With Clean Bandit taking cello to the top of the charts and two separate orchestral house albums coming out in the past few weeks, dance and classical music are having an unlikely bromance. DJ Pete Tong’s project, debuted at a Prom last year and now seen on a larger scale than the Hacienda Classical event that comes to the Albert Hall next May, employed conductor Jules Buckley and his Heritage Orchestra to bring gravitas to a barrage of arms-aloft Ibiza anthems.
Hits such as Fatboy Slim’s Right Here Right Now and Robert Miles’s Children had strings in their original form anyway. On others such as Daft Punk’s One More Time, the rock dynamics of the core band overpowered even this huge number of musicians. Tong urged on the packed crowd from the back, while Buckley’s conducting flourishes weren’t a million miles away from the thrown shapes of the committed raver.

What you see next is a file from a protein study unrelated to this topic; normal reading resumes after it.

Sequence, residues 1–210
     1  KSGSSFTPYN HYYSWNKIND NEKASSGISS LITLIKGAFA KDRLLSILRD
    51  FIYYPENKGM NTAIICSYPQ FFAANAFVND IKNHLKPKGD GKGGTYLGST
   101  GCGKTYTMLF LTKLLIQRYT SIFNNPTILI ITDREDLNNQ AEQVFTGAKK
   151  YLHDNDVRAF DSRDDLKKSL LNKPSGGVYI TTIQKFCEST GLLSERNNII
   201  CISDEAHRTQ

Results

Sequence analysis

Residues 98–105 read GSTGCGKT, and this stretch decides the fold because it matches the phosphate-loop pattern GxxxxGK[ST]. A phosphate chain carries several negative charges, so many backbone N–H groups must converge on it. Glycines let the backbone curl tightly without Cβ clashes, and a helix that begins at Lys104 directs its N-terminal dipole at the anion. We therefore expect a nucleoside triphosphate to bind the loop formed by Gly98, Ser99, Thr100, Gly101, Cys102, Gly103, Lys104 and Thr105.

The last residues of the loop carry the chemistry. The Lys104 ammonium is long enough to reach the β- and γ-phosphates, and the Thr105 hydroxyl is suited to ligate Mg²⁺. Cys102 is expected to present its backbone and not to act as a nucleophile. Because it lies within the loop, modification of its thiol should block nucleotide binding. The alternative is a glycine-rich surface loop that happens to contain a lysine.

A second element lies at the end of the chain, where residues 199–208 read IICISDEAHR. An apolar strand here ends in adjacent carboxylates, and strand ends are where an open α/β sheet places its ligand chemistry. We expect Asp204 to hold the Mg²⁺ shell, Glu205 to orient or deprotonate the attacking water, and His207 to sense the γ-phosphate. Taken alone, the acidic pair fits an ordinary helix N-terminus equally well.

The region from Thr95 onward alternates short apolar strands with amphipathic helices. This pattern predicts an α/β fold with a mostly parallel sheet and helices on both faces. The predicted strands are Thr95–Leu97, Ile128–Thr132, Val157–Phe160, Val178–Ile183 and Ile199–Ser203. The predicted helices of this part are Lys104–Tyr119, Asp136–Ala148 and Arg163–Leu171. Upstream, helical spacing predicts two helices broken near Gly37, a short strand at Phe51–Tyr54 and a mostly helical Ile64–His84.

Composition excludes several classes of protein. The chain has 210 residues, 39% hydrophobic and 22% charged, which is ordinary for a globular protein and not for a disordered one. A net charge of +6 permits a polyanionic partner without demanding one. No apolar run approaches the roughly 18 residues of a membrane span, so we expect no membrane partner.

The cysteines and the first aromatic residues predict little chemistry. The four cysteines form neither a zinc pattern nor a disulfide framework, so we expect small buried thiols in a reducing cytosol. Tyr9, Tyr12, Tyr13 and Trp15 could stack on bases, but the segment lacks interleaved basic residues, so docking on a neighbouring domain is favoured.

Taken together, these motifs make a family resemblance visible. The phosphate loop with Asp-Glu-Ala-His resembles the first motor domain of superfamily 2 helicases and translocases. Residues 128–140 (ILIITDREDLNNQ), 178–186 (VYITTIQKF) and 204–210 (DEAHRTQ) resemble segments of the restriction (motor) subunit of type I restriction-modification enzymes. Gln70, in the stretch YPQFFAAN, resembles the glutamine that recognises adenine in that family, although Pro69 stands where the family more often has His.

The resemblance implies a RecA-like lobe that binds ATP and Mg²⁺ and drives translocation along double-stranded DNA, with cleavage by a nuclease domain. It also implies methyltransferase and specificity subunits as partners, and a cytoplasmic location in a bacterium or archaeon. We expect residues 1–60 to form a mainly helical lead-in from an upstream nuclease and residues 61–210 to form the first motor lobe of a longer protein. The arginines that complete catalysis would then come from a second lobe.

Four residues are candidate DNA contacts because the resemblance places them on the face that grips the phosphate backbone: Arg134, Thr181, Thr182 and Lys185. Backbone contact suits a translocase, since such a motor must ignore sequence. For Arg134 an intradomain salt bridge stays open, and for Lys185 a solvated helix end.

Guest singers included Jessie Ware, passionate in her first appearance since having a baby, plus Ella Eyre and John Newman, whose hits with Rudimental have been granted Ibiza classic status rather quickly. The biggest cheeers were reserved for Candi Staton, now 76, who still had soul on her 30-year-old and still timeless You Got the Love.
This could have been a toothless taming of clubland favourites, designed for people who now spend more money on babysitters than glowsticks. As it turned out, the energy remained and a surplus of violinists was a preferable kind of excess to the current dance scene’s laser overload.